Wage garnishment for military members is possible but more complicated compared with civilian debtors. In the military, the creditor will still go through the garnishment proceedings to obtain the order to garnish a part of the debtor's wages. Usually, once the writ is issued and given to a debtor's employer, garnishment can already take place. However, the armed forces will not just accept a writ of garnishment to commence the payment. It requires the creditor to submit DD Form 2653, or the Involuntary Allotment Application – properly filled out. This form will be used by the military to correctly identify the person in question. The creditor should also three copies of the court's final judgment duly signed by the judge and not just a clerk of court. If a clerk signed the document, it will be rejected. You should contact a lawyer to review and file the application rather than risk getting it rejected during the review process.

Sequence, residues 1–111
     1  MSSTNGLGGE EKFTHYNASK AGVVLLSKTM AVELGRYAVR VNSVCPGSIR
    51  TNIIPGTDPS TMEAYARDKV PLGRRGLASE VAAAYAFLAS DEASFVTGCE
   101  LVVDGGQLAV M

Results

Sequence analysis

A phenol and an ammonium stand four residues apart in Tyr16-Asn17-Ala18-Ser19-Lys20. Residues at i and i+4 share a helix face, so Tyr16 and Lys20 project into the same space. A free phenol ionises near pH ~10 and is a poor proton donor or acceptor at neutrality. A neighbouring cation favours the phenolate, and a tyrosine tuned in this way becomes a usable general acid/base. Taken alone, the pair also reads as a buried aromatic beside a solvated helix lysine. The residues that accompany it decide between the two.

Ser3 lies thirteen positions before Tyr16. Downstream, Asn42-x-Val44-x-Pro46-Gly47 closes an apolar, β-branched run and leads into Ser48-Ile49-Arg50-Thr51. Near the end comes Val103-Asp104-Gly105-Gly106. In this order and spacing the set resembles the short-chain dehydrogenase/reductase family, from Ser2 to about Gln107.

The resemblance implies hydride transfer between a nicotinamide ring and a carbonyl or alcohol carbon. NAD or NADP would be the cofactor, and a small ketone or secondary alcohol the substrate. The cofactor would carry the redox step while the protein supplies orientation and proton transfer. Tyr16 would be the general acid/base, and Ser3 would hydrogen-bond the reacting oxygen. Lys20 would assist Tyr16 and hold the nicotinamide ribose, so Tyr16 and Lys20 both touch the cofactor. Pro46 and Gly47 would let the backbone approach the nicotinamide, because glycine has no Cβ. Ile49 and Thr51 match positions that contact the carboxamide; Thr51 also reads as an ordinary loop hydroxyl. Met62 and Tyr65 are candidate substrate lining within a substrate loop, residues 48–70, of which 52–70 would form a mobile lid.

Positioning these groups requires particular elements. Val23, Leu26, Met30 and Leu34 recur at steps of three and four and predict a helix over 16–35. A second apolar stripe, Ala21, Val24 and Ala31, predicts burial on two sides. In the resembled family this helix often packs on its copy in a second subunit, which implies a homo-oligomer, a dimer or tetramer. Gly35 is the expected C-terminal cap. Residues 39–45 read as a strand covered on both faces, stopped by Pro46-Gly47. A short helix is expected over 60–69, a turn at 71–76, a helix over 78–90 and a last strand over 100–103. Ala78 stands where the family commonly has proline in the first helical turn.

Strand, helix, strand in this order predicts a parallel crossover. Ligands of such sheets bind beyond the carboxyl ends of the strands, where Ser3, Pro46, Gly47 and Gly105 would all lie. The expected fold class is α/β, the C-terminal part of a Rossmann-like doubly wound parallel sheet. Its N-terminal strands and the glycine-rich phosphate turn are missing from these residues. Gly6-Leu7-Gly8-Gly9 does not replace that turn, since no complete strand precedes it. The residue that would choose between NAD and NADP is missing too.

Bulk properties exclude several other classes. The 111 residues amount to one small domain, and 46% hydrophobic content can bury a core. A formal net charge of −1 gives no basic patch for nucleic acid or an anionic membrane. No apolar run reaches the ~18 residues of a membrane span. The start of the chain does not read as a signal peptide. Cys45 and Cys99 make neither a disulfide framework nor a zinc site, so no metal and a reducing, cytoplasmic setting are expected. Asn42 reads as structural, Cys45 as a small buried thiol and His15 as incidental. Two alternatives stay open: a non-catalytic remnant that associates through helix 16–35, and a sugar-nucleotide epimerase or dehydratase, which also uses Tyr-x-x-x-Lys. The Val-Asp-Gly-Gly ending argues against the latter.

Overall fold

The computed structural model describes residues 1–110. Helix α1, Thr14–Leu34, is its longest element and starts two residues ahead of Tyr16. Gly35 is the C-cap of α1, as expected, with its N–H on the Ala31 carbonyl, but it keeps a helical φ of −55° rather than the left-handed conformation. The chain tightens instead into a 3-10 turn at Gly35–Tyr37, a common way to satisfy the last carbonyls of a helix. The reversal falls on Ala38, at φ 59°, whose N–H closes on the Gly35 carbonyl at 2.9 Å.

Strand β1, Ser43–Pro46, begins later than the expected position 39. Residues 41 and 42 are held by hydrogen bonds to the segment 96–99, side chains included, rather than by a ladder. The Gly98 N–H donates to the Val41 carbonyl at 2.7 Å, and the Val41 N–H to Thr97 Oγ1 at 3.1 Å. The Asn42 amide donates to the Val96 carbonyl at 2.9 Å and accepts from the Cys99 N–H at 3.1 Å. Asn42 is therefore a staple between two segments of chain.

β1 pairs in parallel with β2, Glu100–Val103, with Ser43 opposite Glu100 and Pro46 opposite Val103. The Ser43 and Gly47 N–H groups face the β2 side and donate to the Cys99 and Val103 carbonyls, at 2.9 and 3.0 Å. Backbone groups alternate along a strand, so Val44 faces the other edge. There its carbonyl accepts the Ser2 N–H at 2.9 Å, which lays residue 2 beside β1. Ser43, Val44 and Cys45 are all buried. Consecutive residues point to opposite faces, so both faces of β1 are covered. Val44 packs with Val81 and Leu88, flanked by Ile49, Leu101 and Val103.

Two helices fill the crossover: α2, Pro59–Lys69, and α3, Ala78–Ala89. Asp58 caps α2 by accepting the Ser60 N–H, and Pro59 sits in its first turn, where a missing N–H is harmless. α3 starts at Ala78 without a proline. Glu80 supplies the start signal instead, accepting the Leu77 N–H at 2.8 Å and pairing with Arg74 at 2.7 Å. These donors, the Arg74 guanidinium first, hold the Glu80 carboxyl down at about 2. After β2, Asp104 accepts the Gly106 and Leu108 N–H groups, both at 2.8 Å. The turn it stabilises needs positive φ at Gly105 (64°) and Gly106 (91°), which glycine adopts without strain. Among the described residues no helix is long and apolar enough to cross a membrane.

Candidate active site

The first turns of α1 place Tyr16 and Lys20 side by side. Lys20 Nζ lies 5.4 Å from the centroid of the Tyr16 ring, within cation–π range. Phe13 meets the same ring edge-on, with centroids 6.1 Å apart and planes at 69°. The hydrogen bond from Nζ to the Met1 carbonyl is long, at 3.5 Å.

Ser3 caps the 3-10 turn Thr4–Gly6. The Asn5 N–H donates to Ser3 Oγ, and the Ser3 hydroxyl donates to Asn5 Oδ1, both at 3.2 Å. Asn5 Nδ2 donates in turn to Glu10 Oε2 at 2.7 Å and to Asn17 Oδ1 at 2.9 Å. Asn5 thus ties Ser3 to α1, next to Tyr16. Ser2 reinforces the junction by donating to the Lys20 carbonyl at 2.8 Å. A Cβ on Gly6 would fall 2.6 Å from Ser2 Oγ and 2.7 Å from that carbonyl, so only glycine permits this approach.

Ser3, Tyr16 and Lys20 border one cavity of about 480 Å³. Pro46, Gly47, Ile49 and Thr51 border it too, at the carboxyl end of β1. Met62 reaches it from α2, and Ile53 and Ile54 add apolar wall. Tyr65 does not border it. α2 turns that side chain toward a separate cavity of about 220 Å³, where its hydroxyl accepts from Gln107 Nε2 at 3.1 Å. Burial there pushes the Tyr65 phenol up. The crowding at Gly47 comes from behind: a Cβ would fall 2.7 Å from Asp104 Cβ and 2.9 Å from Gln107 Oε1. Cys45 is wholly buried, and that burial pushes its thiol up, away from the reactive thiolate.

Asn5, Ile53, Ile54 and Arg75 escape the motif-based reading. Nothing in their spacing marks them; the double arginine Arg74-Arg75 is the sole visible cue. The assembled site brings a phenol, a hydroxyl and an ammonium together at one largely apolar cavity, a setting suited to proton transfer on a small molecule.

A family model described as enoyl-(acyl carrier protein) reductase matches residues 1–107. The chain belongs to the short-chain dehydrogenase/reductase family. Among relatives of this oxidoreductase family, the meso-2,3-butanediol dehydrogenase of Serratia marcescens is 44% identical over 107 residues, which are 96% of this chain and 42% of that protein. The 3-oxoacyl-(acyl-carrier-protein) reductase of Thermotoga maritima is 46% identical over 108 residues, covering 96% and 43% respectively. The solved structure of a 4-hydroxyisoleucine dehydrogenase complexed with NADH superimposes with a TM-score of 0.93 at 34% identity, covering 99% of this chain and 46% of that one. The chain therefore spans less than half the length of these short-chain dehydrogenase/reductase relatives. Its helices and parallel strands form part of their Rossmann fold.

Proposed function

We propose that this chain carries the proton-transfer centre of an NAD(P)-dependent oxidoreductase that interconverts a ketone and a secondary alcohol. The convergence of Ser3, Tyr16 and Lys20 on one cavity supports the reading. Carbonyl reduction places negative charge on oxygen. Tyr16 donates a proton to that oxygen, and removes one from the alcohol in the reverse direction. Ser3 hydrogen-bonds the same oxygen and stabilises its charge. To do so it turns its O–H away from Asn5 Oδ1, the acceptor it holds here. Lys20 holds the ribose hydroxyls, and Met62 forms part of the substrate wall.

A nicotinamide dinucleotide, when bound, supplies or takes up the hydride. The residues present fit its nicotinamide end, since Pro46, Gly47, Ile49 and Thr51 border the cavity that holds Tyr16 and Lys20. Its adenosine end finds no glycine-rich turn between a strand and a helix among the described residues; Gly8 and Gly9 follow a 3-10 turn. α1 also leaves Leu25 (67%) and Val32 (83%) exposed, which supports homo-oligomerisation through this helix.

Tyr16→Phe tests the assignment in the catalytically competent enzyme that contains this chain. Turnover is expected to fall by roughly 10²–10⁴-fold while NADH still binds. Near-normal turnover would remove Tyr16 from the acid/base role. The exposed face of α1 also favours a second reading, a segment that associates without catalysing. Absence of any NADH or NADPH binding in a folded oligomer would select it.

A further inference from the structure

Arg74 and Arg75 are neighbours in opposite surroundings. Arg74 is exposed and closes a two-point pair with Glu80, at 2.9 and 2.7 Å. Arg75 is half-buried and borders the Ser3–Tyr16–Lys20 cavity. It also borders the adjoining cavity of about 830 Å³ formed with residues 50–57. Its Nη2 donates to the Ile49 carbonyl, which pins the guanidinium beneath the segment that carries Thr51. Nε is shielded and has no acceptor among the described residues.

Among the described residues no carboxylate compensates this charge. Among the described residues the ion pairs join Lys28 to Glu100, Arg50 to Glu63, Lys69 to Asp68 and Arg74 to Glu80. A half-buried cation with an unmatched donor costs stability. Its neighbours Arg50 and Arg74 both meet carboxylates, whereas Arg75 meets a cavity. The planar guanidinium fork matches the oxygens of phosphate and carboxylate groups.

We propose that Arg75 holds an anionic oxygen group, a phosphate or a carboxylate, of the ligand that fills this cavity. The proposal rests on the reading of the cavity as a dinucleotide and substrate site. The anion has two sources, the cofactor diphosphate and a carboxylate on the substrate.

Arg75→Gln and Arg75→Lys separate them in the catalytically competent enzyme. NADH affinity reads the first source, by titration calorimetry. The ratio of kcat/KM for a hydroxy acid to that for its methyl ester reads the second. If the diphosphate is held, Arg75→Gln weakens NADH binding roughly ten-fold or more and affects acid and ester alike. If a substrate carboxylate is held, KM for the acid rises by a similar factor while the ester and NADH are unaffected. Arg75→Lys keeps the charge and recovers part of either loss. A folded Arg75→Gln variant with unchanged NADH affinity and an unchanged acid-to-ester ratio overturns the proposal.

The form is then reviewed by the Defense Finance and Accounting Service. If there are mistakes in the filing, it will be denied. If there is none, the DFAS determines if the debtor's wage can be subjected to garnishment. For those that are qualified for garnishment, the serviceman is notified and given 15-30 days to respond to the application and file any exemption requests. Should the creditor gets a favorable ruling from the DFAS, the garnishment of wages can only take place 90 to 120 days after it was approved by the committee.